A wedding is not a marriage. A wedding is only the beginning of an undertaking that may or may not, someday, develop into a marriage. What the couple have on their wedding day is not the key to a beautiful garden, but just a vacant lot and a few gardening tools. (David and Vera Mace)
Because it’s June, the favored month for weddings, I will re-run some earlier posts about my daughter’s wedding. Sure, a lot of sentimental fluff is included but that’s because I’m a sentimental gal. There are also some useful ideas for wedding sewing.
This month, my fabulous husband and I will celebrate our 46th wedding anniversary. I wish every couple could have this much happiness.
Rebecca’s garden wedding for 130 guests at our home was a hands-on affair, orchestrated almost entirely by family and friends. Only the photographer, ceremony string quartet, reception Cajun band and wait staff were hired.
As soon as Rebecca and Harvey’s engagement was announced, my dear friend Susanna presented me with her own well-used tote bag. It was embellished with the text MOTB–Mother Of The Bride. She had used this bag extensively while planning her own daughter’s fairy tale wedding.
Susanna graciously offered to serve as wedding coordinator and was promptly engaged in that volunteer capacity. From that time on, in our conversations and planning sessions, familial relationships were designated by letters–MOTG (mother of the groom), AOTB (aunt of the bride), Grandmother of the Groom (GMOTG) etc. It was fun.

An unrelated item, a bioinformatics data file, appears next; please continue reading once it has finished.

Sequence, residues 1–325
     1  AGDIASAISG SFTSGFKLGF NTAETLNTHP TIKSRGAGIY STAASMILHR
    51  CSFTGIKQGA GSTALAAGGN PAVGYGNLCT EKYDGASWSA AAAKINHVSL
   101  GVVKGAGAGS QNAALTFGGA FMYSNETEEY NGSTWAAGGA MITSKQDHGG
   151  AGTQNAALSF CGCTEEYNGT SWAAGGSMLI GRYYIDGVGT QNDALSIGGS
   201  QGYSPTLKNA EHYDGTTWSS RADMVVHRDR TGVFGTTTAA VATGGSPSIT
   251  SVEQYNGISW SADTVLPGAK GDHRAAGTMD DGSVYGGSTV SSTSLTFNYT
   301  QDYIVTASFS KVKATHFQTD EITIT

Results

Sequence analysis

Family members from both sides of the aisle had offered to help in the final hectic days. In anticipation of their arrival, I made more than a dozen white aprons for these willing workers as a small token of appreciation. In an effort to ease the recall of names and familial connections, the aprons were embroidered with first name, abbreviation of rank, a heart, names of the bridal couple and the wedding date. With all the beautiful heart designs available, I used a different one for each apron.
The volunteer crew wore their aprons for the two days before the wedding as final preparations were made. GMOTB and GMOTG became acquainted as they helped pack welcome baskets. These baskets were stocked with fresh citrus from our trees, a map of the area, bottled water, homemade baked goods and a variety of other goodies. They were delivered to the guests’ hotel rooms just prior to their arrival.
SILOTB (sister-in-law of…..you know) delivered hot-from-her-oven Texas Cowboy Cookies (see recipe below) and brownies which were wrapped and stuffed into the baskets. MOTG and GAOTB (great aunt) wrapped and packed more treats into the carry out goody bags for guests as they departed from the Sunday morning brunch.
When the bride saw everyone wearing embroidered white aprons, she asked where hers was. It hadn’t occurred to me that she would have time for these mundane tasks, yet she pitched in, even without an apron of her own. Nonetheless, she extracted a promise that I would make one for her before she returned from her honeymoon in Tuscany.